So…

Oddly enough, this sequence is in the OEIS… A054735 (Idon't know why I couldn't find it earlier!)

But it did mention that the formula to find any term is $p^q + q^p \mod pq$, where $p,q$ is the n^{th} twin prime pair.

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So…

Oddly enough, this sequence is in the OEIS… A054735 (Idon't know why I couldn't find it earlier!)

But it did mention that the formula to find any term is $p^q + q^p \mod pq$, where $p,q$ is the n^{th} twin prime pair.

Well, after a little math…

(1)\begin{align} \pi_{Egyptian} = 3 + \frac{1}{9} + \frac{1}{27} + \frac{1}{81} = 3 + \frac{13}{81} = \frac{3*81+13}{81} = \frac{256}{81} = \frac {(4)^4}{(3)^4} = {\Big{(} \frac{4}{3} \Big{)}}^4 \end{align}

…which is what we gave in class.

But yes, it does come from the Rhind Papyrus.

This post moved me to re-visit Goldbach's conjecture…

I am guessing that the expected value of the difference between consecutive primes, $x = p_{k+1} - p_k$, has something to do with the proof (or lack thereof).

It also may have to do with the fact that we can partition the prime numbers into groups of equal magnitude (in particular, if $m = 2^k$, we get $2^{k-1}$ groups) such that $p_i \equiv r \equiv 2j-1 \mod m, \; \forall \; 1 \leq j \leq 2^{k-1}$.

Thus, for a given $p_1, p_2$ we get $p_1 + p_2 \equiv (r_a + r_b) \mod m$. Also note that $r_a + r_b \equiv 2i \mod m \forall \; 0 \leq i \leq 2^{k-1}-2$ for all possible choice of $r_a, r_b$. These sums are sets even numbers. (Note that these groups should more than span $2 \mathbb{Z}$, although it would be nice to know if there is a reasonably calculable amount of overlap between the groups).

eguzman2 07 Dec 2008 06:55

in discussion Ideas / Student Ideas » Generating Primitive Pythagorean Triples

in discussion Ideas / Student Ideas » Generating Primitive Pythagorean Triples

Here is something that I wanted to tell you about in class but didn't not had time:

Plato’s Formula:

Let m be contained the set of integers with m > 1. Then we can generate a Pythagorean triple by letting a = 2m, b = m^2 – 1, c = m^2 + 1.

Ex. Let m = 2, so we have that a = 2(2) = 4, b = 4 – 1 = 3, c = 4 + 1 = 5.

Then 4^2 + 3^2 = 5^2, which is true.

The formula generates finitely many triple but not all Pythagorean triples.

Formula for generating all Pythagorean triples

Consider the Pythagorean triple x – y – z where (x,y,z) = d. Let x = du,

y = dv, and z = dw where (u,v,w) = 1. So we have u^2 + v^2 = w^2, thus

u – v – w is a triple. Then we can say that every Pythagorean triple is a multiple of primitive triple.

Ex. Let x = 6, y = 8, z = 10. We have that 6^2 + 8^2 = 10^2. Then (6,8,10) = 2. We have that:

x = 2(3) = 6

y = 2(4) = 8

z = 2(5) = 10

This tells that 3 – 4 – 5 is a Pythagorean triple, which we know is true.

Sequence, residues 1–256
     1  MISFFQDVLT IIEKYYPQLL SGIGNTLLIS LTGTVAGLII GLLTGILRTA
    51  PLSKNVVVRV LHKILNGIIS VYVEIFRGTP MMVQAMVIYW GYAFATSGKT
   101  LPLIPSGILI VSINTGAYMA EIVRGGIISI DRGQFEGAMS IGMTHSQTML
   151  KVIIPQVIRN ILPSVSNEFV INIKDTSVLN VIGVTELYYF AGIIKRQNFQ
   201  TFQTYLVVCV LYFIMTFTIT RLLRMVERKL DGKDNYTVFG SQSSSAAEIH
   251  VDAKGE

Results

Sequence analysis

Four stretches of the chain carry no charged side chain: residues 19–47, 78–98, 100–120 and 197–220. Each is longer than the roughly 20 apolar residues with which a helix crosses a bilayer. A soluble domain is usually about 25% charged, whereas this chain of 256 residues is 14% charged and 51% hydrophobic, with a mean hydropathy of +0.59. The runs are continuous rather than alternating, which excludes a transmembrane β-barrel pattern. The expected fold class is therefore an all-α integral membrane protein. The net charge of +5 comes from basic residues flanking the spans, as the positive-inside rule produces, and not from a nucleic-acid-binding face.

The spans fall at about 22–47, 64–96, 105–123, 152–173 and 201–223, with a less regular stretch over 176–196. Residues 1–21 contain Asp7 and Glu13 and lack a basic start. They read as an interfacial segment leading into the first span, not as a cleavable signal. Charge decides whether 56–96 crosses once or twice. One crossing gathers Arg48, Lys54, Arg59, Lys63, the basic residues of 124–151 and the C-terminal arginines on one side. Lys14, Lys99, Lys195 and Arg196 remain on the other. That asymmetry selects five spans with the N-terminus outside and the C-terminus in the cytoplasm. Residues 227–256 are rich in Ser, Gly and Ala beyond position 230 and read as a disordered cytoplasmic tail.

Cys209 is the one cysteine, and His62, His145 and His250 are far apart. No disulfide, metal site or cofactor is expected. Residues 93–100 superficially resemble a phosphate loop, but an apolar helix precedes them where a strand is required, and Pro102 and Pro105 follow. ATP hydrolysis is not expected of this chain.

Using this idea in the equations for generating infinitely many primitive triples that Dan showed we can generate all triples by adding a parameter d. So we have:

a = d*(m^2 – n^2), b = d*(2mn), c = d*(m^2 + n^2) where m, n, d are contained in the set of integers with m>n>0 and d positive, n or m is odd and (m,n) = 1.

Conclusion:

The formula generates all Pythagorean triples but not uniquely.

Greg Gifford 05 Dec 2008 04:41

in discussion Ideas / Student Ideas » Generating Primitive Pythagorean Triples

in discussion Ideas / Student Ideas » Generating Primitive Pythagorean Triples

There's also another way to generate primitive triples that I don't think was discussed in class, although it isn't linear algebra. If you let $a = 2k+1$ (any odd number), then $b = (a^2-1)/2$ and $c = (a^2+1)/2$. To prove it:

$a^2+b^2 = c^2$

$(2k+1)^2+(((2k+1)^2-1)/2)^2 = (((2k+1)^2+1)/2)^2$

$(2k+1)^2+((4k^2+4k+1-1)/2)^2 = ((4k^2+4k+1+1)/2)^2$

$(2k+1)^2+(2k^2+2k)^2 = (2k^2+2k+1)^2$

$4k^2+4k+1+4k^4+8k^3+4k^2 = 4k^4+8k^3+8k^2+4k+1$

$4k^4+8k^3+8k^2+4k+1 = 4k^4+8k^3+8k^2+4k+1$

jonas2 02 Dec 2008 17:34

in discussion Ideas / Student Ideas » Generating Primitive Pythagorean Triples

in discussion Ideas / Student Ideas » Generating Primitive Pythagorean Triples

Taken from the Wolfram website. I am pretty sure this method wasn't covered but I can't always be sure…

If $<a_0, b_0, c_0>$ is a Primitive Pythagorean Triple, then $<a_0, b_0, c_0>U_i$ generates a new primitive triple $<a_i, b_i, c_i>$ where

$U_1 = \left| \begin{array}{ccc} 1 & 2 & 2 \\ -2 & -1 & -2 \\ 2 & 2 & 3 \end{array} \right| ,$ $U_2 = \left| \begin{array}{ccc} 1 & 2 & 2 \\ 2 & 1 & 2 \\ 2 & 2 & 3 \end{array} \right| ,$ $U_3 = \left| \begin{array}{ccc} -1 & -2 & -2 \\ 2 & 1 & 2 \\ 2 & 2 & 3 \end{array} \right|$.

Let's exam a simple example. We were told that $<3, 4, 5>$ is a primitive triple. So…

$<3 ,4, 5>U_1 = <5, 12, 13> ,$ $<3, 4, 5>U_2 = <21, 20, 29> ,$ $<3, 4, 5>U_3 = <15, 8, 17> ,$

…which can easily be verified to be valid!

So remembering that $\phi(x)$ is multiplicative, we note the following: suppose $n = p_1^{a_1} * p_2^{a_2}$, with $p_1, p_2 \neq 2$ (there could be a 2 in there, but not more than one, since $\phi(2) = 1$ but that 4|$\phi(2^k)$ and 14 isn't divisible by 4). Then $\phi(n) = p_1^{a_1 -1}(p_1 -1) + p_2^{a_2 -1}(p_2 -1)$. But 2|$p_1 -1$ and 2|$p_2 -1$ and thus that implies that 4|$\phi(n)$ which would be impossible. And thus n cannot be a product of odd primes. So the only case left is that $n=p^{a}$ (again possibly times 2), and since p is odd let p = 2k+1, $k \in \mathbb{Z}$. But then $\phi(n) = p^{a-1}(p-1)$ which implies that $\frac{14}{2} = 7 = (2k+1)^{a-1}*k$. And then there's no k that makes that work (that would need to be more rigorous, but it's certainly a start).